I hope you keep that mindset regarding lowering the demands on workers in order to justify hiring a new employee. I am the guy who will step up and put in the extra effort to do my part in insuring the success of the company. I have recently gone through a work force reduction. The reason the company cut my job and about 150 other jobs is because it is more cost effective to pay companies in China to do the work that I used to do. That is not only happening in manufacturing jobs where they build low margin widgets, but also in the engineering environment. So, because the US is the most expensive country to do work in due to the highest tax rate on businesses and overbearing regulatory burden, even skilled engineering jobs are being outsourced. But, that is a topic for another discussion. I have been getting good traction on my job search because I have built a reputation in my field as the guy who will do what is necessary for the success of the company. I expect to be back to work within 2 or 3 weeks because I understand why companies need to run a lean operation. I'll be working, paying taxes and purchasing consumable goods, putting my salary back into the economy. If you go to a job interview, make sure you let them know that if they paid you to work fewer hours, they will be able to hire another person and take on all the associated expenses of a new hire. Makes my prospects that much better.
Mike February 27, 2013 at 11:56 PM
Steven, your analysis ignores the real-world example of Wal-Mart -- a successful company with a goal to sell as much of everything as it possibly can -- which has used mostly permanent part-timers for decades to avoid paying health care. This policy was in effect for years before Obamacare because it was great for Wal-mart at the expense of other taxpayers. Most Wal-Mart employees made too little to afford private insurance and weren't eligible for company plans, so they went to the insurer of last resort: the state. In Georgia, Florida, Tennessee and possibly Alabama (haven't checked in a few years) Wal-Mart employees made up the bulk of those enrolled in safety-net programs. Those ineligible for the safety net programs often use emergency rooms as their primary care provider, further raising the costs of health care. I agree that Obamacare isn't a cure-all; it's more like a Band-Aid on a sucking chest wound. But one thing it gets right is the need to apply financial pressure on companies whose stated policy is to make taxpayers foot most of the bill for employee health care costs. Progressive boondoggle? Hardly; Both the personal mandate and the corporate penalties are ideas cooked up by the Cato Institute So, WWRPD? The Libertarian approach of "medical savings accounts" is a cruel joke for workers barely earning minimum wage, and then only for 15-30 hours a week.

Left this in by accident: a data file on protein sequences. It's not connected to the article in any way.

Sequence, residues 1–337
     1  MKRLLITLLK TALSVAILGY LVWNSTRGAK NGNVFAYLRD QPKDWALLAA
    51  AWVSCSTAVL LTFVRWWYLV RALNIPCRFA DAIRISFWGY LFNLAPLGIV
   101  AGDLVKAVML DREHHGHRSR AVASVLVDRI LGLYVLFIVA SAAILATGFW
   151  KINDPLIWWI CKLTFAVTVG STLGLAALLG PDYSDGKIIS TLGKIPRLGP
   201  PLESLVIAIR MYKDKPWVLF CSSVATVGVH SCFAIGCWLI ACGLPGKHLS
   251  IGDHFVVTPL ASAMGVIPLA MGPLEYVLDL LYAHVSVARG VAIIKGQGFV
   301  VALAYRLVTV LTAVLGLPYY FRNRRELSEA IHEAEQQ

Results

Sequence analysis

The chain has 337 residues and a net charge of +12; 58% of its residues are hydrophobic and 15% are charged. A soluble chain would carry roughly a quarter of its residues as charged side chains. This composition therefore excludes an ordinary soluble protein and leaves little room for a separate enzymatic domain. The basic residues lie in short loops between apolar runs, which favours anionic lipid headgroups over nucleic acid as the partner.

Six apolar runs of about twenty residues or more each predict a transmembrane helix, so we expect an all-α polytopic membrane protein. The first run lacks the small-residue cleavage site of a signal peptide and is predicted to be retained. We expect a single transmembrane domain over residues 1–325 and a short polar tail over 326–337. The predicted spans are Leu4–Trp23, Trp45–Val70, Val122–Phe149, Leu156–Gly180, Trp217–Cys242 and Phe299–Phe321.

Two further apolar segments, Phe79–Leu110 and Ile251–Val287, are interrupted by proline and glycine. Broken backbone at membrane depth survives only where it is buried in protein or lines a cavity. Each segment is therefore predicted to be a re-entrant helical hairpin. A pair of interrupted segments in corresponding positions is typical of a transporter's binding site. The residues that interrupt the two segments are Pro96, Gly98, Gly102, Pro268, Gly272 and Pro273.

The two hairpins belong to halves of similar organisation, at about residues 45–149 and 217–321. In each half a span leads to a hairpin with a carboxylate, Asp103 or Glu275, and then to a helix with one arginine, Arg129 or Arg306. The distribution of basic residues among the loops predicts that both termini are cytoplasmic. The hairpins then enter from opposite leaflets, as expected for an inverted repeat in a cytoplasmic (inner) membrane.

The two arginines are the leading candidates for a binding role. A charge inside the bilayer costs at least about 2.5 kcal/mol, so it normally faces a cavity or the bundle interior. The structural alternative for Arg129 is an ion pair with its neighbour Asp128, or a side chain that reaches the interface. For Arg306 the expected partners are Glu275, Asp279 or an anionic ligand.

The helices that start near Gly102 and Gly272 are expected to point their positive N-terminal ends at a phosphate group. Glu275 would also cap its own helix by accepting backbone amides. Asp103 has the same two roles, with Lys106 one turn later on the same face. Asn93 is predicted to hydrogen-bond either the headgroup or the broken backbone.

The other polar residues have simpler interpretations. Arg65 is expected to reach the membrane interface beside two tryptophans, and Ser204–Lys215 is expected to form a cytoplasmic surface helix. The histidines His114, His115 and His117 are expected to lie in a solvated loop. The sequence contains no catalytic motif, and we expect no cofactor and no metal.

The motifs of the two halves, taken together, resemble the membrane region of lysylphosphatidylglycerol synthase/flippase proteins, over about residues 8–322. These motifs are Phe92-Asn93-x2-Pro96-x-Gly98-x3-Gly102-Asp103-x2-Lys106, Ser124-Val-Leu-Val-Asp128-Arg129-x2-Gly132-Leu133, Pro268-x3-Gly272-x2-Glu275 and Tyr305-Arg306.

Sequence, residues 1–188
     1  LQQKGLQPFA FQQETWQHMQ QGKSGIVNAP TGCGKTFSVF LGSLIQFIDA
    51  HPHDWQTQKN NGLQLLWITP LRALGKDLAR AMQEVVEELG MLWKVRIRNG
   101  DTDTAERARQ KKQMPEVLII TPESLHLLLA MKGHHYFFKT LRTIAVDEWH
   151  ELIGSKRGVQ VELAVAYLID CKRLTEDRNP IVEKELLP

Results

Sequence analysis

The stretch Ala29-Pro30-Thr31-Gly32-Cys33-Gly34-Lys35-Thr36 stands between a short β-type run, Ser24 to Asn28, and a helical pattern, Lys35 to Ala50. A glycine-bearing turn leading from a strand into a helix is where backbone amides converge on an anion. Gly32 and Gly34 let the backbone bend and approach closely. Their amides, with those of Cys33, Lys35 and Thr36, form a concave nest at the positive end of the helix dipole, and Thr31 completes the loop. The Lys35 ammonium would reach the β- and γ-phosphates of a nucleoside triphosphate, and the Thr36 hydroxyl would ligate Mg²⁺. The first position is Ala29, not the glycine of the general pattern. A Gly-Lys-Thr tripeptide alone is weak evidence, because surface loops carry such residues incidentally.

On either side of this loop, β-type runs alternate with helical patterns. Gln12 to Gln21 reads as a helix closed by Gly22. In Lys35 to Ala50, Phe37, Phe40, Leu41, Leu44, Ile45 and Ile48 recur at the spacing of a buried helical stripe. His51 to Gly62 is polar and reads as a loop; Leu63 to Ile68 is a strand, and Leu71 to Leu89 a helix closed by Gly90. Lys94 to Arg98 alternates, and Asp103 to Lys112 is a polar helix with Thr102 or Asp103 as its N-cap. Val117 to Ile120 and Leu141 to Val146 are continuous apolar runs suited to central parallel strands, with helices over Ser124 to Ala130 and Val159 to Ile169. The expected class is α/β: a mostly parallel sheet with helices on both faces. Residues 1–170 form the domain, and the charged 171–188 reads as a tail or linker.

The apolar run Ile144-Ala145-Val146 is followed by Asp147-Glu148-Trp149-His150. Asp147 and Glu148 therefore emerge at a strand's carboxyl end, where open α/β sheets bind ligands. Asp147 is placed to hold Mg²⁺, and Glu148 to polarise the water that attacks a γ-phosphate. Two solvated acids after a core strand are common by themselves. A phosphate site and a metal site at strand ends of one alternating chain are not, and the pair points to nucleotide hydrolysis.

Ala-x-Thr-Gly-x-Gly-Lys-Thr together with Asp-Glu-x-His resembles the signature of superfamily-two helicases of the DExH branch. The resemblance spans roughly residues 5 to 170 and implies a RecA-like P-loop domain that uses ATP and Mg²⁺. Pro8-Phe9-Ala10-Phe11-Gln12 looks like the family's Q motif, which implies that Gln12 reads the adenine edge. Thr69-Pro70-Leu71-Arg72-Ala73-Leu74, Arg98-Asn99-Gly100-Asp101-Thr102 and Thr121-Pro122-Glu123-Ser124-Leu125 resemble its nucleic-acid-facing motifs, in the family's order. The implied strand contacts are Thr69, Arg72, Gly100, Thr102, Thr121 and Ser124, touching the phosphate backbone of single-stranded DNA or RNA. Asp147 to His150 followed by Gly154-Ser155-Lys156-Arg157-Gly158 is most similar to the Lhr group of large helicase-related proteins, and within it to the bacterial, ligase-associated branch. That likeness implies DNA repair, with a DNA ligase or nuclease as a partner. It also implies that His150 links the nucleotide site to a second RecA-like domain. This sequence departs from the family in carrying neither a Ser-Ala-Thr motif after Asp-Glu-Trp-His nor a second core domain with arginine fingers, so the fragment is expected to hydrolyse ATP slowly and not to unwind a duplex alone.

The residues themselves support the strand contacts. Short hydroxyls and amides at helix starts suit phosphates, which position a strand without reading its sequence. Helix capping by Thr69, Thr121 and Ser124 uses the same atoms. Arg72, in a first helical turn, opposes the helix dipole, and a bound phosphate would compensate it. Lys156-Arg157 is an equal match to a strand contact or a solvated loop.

Mary Giurleo February 28, 2013 at 12:57 AM
Since Dunkin is a Massachusetts-based company and 'Obamacare' started here, shouldn't Dunkin have been prepared for this? I mean, aren't they already providing their 30+ hour per week MA employees with health insurance? If so, don't their employees in other states deserve the same treatment? Or is this a difference between 'Obamacare' and 'Romneycare'?
worriedaboutAmerica February 28, 2013 at 01:00 AM
Mike, your comment about Walmart ignores the fact, almost exclusively, they hire workers with virtually no skills who otherwise would be considered unemployable in many companies - they give them a steady income and security, and eventually the experience to move on. The idea that every job should support a family is the same kind of thinking that brought us the minimum wage. If companies are successful, there will be jobs, if there are jobs, you have the opportunity (not the right) to improve your status in life. Let's not forget we are an achievement based economy - not everyone gets a trophy.